The parliament of Scotland, before separating, by a notable act in the royal favour, has decreed that 20,000 foot and 2,000 horse shall always be ready to serve his Britannic Majesty, marching whenever it is the royal pleasure, without distinction in the other forces of his Majesty. To please the king it has also decided that the family of the duchess of Monmouth should change their name to Stuart, and consequently be highly privileged.
The States General are apprehensive lest under the pretext of the capture of Cananon, a short distance from Goa, before the publication of the peace with Braganza, (fn. 1) the Portuguese may revenge themselves by turning to piracy in the Ocean, and particularly in the Channel, a route which the Dutch cannot avoid, situate between France and England, not only with the tacit consent of King Charles but with his connivance, since already two English vessels, armed for war, displaying and producing commissions and the flag of Portugal have captured a very rich Dutch merchantman.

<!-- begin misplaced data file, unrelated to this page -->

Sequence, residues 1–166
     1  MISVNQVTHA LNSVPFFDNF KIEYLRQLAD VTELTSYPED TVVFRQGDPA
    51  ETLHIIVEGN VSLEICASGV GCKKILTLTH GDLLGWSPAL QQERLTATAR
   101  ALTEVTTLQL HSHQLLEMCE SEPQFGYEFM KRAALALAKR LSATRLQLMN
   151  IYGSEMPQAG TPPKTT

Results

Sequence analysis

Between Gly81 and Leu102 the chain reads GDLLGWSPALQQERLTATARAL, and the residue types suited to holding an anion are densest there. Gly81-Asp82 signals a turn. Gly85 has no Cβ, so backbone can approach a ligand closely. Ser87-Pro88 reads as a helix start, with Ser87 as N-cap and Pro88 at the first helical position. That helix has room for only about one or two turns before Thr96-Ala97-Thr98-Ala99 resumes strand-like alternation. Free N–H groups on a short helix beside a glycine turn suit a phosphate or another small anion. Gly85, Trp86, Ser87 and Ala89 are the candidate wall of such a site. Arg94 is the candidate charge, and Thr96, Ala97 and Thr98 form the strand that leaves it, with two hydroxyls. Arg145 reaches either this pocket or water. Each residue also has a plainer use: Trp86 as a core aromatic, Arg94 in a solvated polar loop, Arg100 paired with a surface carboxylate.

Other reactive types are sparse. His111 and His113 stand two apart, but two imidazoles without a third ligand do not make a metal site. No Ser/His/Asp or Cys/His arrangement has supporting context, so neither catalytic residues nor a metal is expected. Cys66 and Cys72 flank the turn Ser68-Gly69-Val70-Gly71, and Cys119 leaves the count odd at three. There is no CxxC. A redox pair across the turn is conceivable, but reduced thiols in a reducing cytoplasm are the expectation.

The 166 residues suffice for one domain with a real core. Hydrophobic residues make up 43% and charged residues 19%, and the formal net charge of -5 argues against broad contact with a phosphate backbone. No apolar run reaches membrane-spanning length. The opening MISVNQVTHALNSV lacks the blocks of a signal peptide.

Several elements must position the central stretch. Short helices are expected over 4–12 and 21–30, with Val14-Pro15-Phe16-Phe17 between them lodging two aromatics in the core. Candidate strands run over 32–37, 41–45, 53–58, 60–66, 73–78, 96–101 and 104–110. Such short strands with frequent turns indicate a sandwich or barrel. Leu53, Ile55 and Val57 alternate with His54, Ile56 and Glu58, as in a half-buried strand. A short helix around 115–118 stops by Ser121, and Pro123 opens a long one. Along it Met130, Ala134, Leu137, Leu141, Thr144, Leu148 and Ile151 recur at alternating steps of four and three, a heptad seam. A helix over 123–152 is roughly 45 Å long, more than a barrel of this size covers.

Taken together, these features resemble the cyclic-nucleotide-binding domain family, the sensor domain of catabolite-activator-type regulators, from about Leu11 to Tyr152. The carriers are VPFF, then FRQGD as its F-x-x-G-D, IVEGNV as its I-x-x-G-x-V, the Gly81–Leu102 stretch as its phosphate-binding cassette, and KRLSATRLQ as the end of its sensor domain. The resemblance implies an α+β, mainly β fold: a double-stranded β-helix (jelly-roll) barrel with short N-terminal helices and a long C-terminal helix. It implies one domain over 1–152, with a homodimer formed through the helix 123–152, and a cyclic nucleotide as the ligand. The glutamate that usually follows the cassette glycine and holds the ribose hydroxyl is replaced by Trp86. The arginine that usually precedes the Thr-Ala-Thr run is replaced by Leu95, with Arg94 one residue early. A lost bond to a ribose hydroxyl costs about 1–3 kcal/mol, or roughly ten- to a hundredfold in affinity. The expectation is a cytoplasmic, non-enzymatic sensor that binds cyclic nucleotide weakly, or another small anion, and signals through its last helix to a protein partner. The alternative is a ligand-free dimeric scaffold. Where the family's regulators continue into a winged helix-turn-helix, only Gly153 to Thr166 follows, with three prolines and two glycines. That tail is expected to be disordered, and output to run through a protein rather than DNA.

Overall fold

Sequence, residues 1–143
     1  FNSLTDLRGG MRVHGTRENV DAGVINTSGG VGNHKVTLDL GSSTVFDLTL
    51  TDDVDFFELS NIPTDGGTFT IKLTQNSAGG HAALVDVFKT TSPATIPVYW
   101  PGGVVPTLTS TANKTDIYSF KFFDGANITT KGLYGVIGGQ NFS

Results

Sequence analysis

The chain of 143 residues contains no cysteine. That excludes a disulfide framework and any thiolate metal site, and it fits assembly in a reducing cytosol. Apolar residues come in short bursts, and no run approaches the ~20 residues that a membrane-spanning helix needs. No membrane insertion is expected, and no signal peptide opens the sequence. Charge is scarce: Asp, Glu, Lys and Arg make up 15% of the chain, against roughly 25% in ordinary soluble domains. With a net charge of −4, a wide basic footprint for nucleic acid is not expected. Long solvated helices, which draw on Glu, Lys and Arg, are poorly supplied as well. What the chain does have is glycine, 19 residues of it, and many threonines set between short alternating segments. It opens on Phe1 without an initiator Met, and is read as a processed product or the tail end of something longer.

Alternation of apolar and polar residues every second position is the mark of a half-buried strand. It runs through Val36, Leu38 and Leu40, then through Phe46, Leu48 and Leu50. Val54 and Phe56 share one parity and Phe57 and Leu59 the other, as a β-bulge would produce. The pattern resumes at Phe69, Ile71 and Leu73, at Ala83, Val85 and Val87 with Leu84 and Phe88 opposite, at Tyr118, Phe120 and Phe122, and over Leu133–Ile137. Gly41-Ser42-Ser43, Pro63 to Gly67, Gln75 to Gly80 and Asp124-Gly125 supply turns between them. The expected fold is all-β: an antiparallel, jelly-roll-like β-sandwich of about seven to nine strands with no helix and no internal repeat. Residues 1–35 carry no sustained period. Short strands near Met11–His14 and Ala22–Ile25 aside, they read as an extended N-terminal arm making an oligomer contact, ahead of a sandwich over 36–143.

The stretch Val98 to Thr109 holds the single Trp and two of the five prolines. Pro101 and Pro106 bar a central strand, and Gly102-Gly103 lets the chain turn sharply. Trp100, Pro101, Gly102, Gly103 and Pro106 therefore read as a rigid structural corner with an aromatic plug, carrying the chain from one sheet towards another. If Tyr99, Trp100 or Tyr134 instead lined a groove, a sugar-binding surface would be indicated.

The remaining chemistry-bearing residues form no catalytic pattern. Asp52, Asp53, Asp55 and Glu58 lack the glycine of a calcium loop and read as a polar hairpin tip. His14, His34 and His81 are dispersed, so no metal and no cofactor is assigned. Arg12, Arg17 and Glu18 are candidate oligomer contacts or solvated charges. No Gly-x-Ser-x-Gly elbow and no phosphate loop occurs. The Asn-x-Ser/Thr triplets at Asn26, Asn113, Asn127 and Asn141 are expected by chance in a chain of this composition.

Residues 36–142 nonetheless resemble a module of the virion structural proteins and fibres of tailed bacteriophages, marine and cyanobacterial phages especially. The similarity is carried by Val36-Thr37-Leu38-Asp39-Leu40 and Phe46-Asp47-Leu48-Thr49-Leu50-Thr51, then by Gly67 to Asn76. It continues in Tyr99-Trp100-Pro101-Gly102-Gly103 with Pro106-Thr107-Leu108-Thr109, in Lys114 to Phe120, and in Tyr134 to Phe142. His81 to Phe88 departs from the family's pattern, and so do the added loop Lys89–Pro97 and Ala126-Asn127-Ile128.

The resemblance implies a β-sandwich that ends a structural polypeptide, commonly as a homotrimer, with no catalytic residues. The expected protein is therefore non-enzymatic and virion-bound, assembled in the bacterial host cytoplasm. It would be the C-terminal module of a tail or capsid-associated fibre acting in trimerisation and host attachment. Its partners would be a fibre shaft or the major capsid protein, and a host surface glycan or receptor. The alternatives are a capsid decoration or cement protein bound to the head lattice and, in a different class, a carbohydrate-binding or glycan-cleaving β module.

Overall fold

Paris, the 6th November, 1663.
[Italian.]
Nov. 8.
Senato,
Secreta.
Dispacci,
Ceffalonia.
Venetian
Archives.
360. Christofolo Cabriel, Venetian Proveditore of Cephalonia, to the Doge and Senate.
The money for the duties of the new and newest imposts for the exportation of currants amounted to 13,663 reals; there will be more to come because of other ships to take the currants which are left over and which undobtedly will shortly be exported. The Flemish and English merchants compete willingly to purchase them, and my sole object is to see that they are well treated, despatched and relieved of any sort of grievance.
Cephalonia, the 8th November, 1663.
[Italian.]
Nov. 13.
Senato,
Secreta.
Dispacci,
Francia.
Venetian
Archives.
361. Alvise Sagredo, Venetian Ambassador in France, to the Doge and Senate.